## “The best part about math is that, if you have the right answer and someone disagrees with you, it really is because they’re stupid.”

I found the above in an amusing list of quotes from an honors linear algebra class that was linked from Epsilonica, a blog I recently discovered, via his great post In Praise of Proving that Zero equals One.

Danielle posted a question on my About page that I thought I’d answer in a separate post.  She wrote:

Hi MathMom!
I have a question… my daughter gets number triangles for math warm-up. E.g. Use each number only one time (1-9) and the sum of the numbers along each side of the triangle must equal 20.

She’s been doing them by trial and error, but that takes quite a long time the more complicated they get. Is there a formula or method that she’s missing?

Danielle

Danielle,

There isn’t really a formula that can be used to solve generic puzzles like this, but the key to solving them is thinking about which numbers get used more than once.  In a triangle puzzle, this is the numbers in the corners.  Each of these numbers gets included in 2 of the sums, while the rest of the numbers get included only once.

In the example you gave above, your daughter should first think about what the sum of all the available numbers is if they were each used only once: 1+2+…+8+9 = 45.  Since we need the total of the 3 sides to be 60 (3×20) we know that the numbers that are used twice must add up to 15 (the difference between 60 and the 45 we’d have if each number were used just once).  So, the corners of the triangle should add up to 15.  Unfortunately, there are a lot of ways of making 15 out of 3 of the numbers from 1 to 9.  But it does cut down the trial and error a fair bit to start.  I tried a few combinations and was able to find answers pretty quickly using that constraint.  I hope this insight makes these puzzles a little more fun and less frustrating for your daughter, Danielle!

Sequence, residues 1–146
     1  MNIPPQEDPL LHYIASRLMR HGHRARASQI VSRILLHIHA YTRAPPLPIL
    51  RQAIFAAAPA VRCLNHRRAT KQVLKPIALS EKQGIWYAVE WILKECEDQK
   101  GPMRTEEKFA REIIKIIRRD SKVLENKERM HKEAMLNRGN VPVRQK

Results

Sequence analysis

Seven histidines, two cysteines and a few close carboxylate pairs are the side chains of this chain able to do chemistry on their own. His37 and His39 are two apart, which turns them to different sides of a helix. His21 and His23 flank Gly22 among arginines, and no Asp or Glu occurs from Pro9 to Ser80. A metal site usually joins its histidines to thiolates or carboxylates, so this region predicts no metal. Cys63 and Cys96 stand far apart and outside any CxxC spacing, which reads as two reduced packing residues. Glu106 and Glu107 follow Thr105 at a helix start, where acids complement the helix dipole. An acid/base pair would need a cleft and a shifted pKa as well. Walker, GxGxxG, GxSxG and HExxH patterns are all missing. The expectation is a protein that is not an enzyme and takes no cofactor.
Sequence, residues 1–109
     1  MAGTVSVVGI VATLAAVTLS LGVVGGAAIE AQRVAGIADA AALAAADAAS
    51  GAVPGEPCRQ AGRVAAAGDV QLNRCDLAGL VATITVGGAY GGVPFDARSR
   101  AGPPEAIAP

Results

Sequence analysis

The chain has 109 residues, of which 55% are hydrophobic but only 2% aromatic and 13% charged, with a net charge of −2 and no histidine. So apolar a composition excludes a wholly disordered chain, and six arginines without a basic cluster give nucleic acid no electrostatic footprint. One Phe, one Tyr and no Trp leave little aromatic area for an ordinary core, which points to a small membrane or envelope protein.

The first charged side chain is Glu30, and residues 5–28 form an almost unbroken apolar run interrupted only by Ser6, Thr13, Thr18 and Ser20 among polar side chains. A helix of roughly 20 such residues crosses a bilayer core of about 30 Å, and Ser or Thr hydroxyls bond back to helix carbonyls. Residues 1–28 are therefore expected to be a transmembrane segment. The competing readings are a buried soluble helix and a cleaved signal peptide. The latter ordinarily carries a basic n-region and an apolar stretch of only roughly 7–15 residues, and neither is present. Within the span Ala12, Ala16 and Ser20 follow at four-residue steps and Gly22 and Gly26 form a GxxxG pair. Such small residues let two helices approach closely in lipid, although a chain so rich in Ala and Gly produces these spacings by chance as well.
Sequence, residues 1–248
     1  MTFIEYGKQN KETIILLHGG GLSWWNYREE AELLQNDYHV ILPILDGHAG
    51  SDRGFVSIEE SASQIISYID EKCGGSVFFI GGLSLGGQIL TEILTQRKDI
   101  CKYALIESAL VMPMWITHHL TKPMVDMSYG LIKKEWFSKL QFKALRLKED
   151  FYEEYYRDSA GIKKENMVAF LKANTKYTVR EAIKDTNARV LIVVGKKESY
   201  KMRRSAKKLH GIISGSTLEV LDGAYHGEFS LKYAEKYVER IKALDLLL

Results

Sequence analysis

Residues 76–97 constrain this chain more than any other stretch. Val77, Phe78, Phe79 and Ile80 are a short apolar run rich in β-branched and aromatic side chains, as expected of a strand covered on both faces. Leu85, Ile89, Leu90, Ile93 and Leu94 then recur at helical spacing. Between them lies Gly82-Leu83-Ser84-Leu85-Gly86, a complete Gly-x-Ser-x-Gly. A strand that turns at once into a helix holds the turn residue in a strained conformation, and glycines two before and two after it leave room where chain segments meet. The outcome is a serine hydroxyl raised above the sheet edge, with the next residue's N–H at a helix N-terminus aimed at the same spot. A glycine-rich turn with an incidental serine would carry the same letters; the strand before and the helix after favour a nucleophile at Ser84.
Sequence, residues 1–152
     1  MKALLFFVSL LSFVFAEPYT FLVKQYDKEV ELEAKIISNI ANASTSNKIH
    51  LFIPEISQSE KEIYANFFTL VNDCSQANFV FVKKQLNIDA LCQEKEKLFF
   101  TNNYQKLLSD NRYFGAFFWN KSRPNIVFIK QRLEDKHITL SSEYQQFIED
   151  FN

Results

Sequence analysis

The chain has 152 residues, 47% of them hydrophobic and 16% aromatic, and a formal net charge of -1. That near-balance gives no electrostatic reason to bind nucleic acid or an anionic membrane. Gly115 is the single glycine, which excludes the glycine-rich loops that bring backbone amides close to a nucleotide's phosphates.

Here’s another type of fill-in puzzle.  You don’t use sums to solve it, but the key to it rests in realizing which spots are “special”.  I’ll leave it at that for now so as not to give it away for those who’d like to try to solve it.

In case anyone was wondering, I’m still here.  Real life intervened over the summer and distracted me from blog reading and writing.  But now I’m preparing to go back to my volunteer role in teaching math problem solving at my kids’ school, and I’m excited about that.  Hopefully I’ll find time to write about it as I go.

I found this forum due to the fact that someone there linked to my last blog post. (The link is on page 10 of the discussion if you want to check out the context.) There’s a great discussion there about some non-orthodox math education options (mainly, I believe, intended for homeschoolers or parents of gifted kids wanting to supplement at home).

The thread was started by a parent who had just heard a presentation by a local mathematician who advocated that kids shouldn’t learn math using a textbook at all — it should all emerge naturally from various scientific/engineering explorations. Although I don’t particularly agree with that idea (not least because “natural” situations tend to involve ugly numbers, which make hand computation impractical, and argue for the use of calculators — I’d be in favor of calculator use in such cases, but not if it’s the only exposure to computation the student is going to get!), the thread contains a lot of good ideas about math education, many relevant to both gifted and non-gifted students, and many as relevant to classroom instruction as to homeschoolers.